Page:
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Apr 24, 2012 2 min read

Goose & Gander Takes Flight

Goose & Gander Takes Flight
A Coastal Pimm’s Cup with bay leaves and borage flowers, and Spring Shrub behind; photo by Deirdre Bourdet.
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By 707 correspondent, Deirdre Bourdet.

Last weekend I got to peek inside the newly renovated Martini House building in downtown St. Helena for a media preview of GOOSE & GANDER. Though the garden patios were still a work in progress, the upstairs dining room and basement bar looked ready to rock. And rock they did, with a mind-blowing cocktail menu from bar manager Scott Beattie and his team of crack mixologists, and a parade of outrageously soulful eats by chef Kelly McCown.

While the basement bar was hardly touched by renovations, the menus have taken off in entirely original and delicious directions. Some highlights of the cocktail hour portion of the evening: first, a Spring Shrub, made with St. George Botanivore gin, lemon, ginger, seltzer, and rosemary-pear shrub (a “shrub” is a pre-cocktail era drink made primarily with a reduction of fresh fruit-infused vinegar. Did you know? I didn’t); the colorful Cucumber Collins, made with Square One Cucumber vodka, fresh huckleberries, yuzu, and sliced fresh and huckleberry-pickled cucumbers; and the insane fried Castelvetrano olive and escargot skewers, showered with fennel pollen, and paired with melted anchovy butter for dunking. Oh yes they did.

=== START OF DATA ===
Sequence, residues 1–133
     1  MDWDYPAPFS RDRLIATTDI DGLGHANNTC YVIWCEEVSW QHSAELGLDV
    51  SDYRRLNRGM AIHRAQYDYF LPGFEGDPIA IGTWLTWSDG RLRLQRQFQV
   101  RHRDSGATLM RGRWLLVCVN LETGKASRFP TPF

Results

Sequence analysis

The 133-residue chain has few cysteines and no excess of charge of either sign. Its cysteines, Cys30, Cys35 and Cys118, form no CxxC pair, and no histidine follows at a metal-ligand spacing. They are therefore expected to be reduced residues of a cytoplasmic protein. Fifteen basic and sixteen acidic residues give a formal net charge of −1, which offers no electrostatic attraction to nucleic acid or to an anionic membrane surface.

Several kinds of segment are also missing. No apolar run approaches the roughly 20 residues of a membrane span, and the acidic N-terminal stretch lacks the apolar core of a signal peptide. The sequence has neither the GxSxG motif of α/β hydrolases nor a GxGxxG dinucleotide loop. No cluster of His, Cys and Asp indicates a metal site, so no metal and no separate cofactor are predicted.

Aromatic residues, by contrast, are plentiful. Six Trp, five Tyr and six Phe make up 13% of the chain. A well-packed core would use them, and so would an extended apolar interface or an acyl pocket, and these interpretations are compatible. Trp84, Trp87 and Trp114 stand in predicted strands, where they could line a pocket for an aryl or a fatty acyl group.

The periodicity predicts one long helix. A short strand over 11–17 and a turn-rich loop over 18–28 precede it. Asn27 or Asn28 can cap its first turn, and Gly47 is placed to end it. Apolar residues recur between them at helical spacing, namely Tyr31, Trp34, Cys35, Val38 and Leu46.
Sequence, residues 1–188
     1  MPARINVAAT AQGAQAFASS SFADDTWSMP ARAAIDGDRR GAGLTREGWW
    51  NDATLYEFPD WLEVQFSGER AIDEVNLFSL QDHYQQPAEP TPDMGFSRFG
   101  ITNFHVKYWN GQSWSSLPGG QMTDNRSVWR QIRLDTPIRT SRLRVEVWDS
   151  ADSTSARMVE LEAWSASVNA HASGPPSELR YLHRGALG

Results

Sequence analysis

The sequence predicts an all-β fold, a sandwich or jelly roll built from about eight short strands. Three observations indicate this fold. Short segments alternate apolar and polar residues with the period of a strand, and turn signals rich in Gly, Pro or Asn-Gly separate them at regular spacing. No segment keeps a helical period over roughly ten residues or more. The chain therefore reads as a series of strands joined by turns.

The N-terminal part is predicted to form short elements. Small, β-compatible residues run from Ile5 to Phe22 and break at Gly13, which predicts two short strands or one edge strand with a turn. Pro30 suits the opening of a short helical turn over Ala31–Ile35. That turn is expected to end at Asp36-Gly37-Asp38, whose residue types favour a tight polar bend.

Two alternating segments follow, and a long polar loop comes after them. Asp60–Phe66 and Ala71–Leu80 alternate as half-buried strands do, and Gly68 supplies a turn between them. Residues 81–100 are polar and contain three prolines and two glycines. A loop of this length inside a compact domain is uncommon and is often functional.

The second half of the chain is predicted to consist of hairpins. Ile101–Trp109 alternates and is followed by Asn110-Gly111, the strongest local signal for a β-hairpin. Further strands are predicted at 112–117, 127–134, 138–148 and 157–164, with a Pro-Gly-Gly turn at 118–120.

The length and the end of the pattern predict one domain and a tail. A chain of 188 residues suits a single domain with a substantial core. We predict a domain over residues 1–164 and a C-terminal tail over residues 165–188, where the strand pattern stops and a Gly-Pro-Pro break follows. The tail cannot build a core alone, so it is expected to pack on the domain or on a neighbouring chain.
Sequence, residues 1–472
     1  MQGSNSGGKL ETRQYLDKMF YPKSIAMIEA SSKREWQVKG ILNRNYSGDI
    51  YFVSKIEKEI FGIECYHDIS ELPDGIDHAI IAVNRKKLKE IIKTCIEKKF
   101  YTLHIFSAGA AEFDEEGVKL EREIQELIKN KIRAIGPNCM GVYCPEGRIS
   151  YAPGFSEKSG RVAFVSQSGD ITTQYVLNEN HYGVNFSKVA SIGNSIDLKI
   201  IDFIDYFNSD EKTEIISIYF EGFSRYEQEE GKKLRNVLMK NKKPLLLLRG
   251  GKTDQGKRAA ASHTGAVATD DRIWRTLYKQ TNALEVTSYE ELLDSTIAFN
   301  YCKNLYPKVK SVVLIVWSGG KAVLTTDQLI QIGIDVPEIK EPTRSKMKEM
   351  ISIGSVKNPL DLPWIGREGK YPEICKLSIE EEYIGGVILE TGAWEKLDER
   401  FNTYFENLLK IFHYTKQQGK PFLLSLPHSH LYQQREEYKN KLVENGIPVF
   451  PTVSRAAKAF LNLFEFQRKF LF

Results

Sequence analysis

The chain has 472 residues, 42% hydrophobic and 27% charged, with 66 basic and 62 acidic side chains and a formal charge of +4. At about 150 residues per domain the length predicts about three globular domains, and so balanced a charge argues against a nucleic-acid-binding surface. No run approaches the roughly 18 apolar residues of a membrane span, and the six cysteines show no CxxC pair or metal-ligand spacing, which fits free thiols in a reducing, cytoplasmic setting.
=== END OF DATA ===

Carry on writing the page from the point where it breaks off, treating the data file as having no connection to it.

Upstairs, the weird balconied hole in the middle of the Martini House dining room has been filled in to give better table spacing and a centralized energy. Rich red walls and dark leather booths modernize the look of the exposed wooden beams without losing the soothing historic vibe. Chef McCown said he wants Goose & Gander to feel like a true “public house,” where people hang out, eat really delicious unfussy dishes—he calls his menu “rustic American pub food”—and just relax and feel comfortable. Although he admitted the kitchen does use some modern techniques (the pork T-bone is cooked sous-vide before it’s fired, for example), you won’t find any foams, tweezers, or antigriddles in the kitchen. He’s after layered, complex flavors and textures that taste amazing without a whiff of pretension.

The menu wasn’t yet finalized when I was there, but I am praying fervently that I can revisit the crispy-skinned confit duck leg (a glorious by-product from Sonoma-Artisan Foie Gras’ operations—which are, sadly, moving to Nevada soon); the seared scallops with fried green tomatoes, coil of pancetta, and jalapeño beurre blanc; and/or the luscious Loch Duart salmon topped with crisped prosciutto curls. The chicken breast was a shocking sleeper hit too, with its punchy potatoes and gremolata—but then there was that tender pork T-bone, smothered in a saffron and curry infused piperade with whole candied garlic cloves. Too much goodness for a single night.

And, there’s more: chef McCown has also scored an exciting exclusive on restaurant service of the new charcuterie line by David Katz (of Panevino fame). Katz’s delicate lavender-scented salumi, lamb chorizo, tender duck prosciutto, and more will eventually be available through limited retail channels, but Goose & Gander is the only restaurant that will be slicing it up for you.

The soft opening for the public is today, Tuesday April 24th. 1245 Spring St. at Oak St., St. Helena, 707-967-8779.

Duck confit in its nest of springtime veggies; photo by Deirdre Bourdet.
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